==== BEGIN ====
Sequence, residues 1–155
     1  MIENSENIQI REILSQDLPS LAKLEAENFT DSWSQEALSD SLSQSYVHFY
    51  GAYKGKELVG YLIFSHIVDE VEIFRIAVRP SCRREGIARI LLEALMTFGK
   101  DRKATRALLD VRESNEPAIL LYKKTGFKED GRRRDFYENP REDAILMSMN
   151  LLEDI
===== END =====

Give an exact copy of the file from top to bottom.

Sequence, residues 1–155
     1  MIENSENIQI REILSQDLPS LAKLEAENFT DSWSQEALSD SLSQSYVHFY
    51  GAYKGKELVG YLIFSHIVDE VEIFRIAVRP SCRREGIARI LLEALMTFGK
   101  DRKATRALLD VRESNEPAIL LYKKTGFKED GRRRDFYENP REDAILMSMN
   151  LLEDI